The data should reflect concrete numbers or scores rather than opinions. And, it should be apples-to-apples data for the entire IEP team to compare to the baselines in Present Levels. 

How Often Should you Monitor IEP Progress?

Another progress monitoring piece to look at is the frequency of the progress reporting. Many schools use quarterly or report cards.

The parent can advocate for more frequent progress monitoring, especially in critical areas. If the school has reported significant behavior or learning disability needs, it may not be appropriate to wait 9 weeks to know if the child is progressing.

If parents don’t address progress monitoring during the IEP meeting while the IEP is being developed, they likely will be very disappointed when progress reports are issued.

Because the reports will lack the progress monitoring that includes actual data to know how the child is progressing, having a goal state observation, teacher-made tests, or a generic statement like “ data collection” is not specific.

IDEA is not definitive about the timing of progress monitoring.

And yes, as an advocate, I have seen IEPs that contain wording that only holds schools accountable for reporting progress (or lack thereof) to parents once a year.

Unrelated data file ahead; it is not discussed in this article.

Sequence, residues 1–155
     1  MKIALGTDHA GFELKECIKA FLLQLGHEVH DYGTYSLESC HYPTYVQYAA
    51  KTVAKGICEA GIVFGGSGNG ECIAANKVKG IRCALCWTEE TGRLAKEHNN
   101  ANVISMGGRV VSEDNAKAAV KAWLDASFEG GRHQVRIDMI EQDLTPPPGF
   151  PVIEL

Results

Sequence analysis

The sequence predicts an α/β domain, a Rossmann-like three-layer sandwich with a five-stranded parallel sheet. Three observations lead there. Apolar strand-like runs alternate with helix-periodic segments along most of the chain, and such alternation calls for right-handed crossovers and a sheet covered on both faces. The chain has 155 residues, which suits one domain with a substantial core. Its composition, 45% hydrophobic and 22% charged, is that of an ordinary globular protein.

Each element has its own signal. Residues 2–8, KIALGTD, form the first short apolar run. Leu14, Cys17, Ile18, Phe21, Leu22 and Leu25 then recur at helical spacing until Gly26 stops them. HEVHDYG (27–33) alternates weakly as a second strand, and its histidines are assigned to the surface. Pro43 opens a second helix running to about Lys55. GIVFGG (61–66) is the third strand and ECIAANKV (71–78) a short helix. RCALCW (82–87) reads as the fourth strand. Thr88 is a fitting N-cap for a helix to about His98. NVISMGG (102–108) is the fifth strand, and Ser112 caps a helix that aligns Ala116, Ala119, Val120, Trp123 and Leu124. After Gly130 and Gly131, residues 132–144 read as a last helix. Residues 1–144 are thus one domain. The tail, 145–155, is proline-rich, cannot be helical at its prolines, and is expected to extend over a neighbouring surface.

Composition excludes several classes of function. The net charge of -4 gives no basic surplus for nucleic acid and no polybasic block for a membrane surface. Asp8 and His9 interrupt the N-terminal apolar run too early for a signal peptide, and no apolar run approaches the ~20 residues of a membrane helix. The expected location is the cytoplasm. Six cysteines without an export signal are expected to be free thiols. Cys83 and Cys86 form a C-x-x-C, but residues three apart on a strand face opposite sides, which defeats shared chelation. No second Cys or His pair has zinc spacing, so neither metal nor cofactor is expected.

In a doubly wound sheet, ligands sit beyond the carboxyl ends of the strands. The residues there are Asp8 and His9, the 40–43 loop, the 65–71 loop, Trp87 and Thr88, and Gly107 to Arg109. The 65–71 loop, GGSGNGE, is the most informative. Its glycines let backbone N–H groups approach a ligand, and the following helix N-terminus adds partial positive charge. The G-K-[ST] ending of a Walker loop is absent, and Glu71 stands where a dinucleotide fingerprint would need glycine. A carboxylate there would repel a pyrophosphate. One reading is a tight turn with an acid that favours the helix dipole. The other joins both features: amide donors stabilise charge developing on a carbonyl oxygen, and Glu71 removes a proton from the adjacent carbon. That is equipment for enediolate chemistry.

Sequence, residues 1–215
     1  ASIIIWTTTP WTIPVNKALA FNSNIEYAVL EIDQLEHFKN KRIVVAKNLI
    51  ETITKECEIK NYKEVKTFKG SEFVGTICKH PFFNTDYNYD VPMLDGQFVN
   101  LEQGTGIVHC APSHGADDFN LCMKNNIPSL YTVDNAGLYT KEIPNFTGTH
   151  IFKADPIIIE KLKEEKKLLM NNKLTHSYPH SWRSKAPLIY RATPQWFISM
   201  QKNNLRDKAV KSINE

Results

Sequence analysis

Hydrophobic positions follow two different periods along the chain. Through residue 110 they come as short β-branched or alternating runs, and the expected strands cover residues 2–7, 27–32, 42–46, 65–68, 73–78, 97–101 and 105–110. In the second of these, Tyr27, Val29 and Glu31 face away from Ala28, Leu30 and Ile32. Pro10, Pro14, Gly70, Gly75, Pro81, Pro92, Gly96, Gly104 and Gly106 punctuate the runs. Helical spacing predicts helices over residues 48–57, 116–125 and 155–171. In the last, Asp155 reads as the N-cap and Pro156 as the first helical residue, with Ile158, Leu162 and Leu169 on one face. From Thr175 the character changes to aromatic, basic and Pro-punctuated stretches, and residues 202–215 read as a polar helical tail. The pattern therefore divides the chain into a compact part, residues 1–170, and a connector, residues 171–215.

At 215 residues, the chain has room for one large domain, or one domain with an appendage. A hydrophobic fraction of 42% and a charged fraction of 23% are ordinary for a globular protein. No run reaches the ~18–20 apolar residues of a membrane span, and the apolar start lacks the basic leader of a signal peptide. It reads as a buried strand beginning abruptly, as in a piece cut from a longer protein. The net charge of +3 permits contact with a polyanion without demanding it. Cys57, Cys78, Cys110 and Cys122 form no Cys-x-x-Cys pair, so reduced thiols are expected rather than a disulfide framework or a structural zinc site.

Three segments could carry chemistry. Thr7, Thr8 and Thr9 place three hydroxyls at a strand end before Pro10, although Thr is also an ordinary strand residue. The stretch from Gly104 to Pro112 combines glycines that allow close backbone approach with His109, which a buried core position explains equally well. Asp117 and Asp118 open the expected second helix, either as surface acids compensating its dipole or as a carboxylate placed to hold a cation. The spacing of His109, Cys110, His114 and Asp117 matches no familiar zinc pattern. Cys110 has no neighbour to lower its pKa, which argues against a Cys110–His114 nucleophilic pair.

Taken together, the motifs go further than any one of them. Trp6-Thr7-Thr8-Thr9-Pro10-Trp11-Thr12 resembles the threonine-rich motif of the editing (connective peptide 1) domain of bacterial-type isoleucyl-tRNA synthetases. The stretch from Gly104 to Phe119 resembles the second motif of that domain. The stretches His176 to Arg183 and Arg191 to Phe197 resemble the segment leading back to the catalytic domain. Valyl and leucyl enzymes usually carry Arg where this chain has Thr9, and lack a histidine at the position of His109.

This is another issue or detail that IDEA leaves up to the states, so double-check yours before approving a final IEP.

Red Flags in Monitoring IEP Goals and Progress

  • Opinions and subjective data are often not accurate. Observations without checklists or rubrics are often not accurate. 
  • Grades are not objective assessments of progress since many factors can influence grades.
  • IEP Goals are written to generalized grade-level standards. Of course, we want to close the gaps for our kids, so IEP goals should be written with grade standards in mind. However, be careful of non-specific goals such as “Johnny will write at 4th-grade level standards.” You want a goal to explain what the 4th-grade standard is, so the expected action is clear to everyone.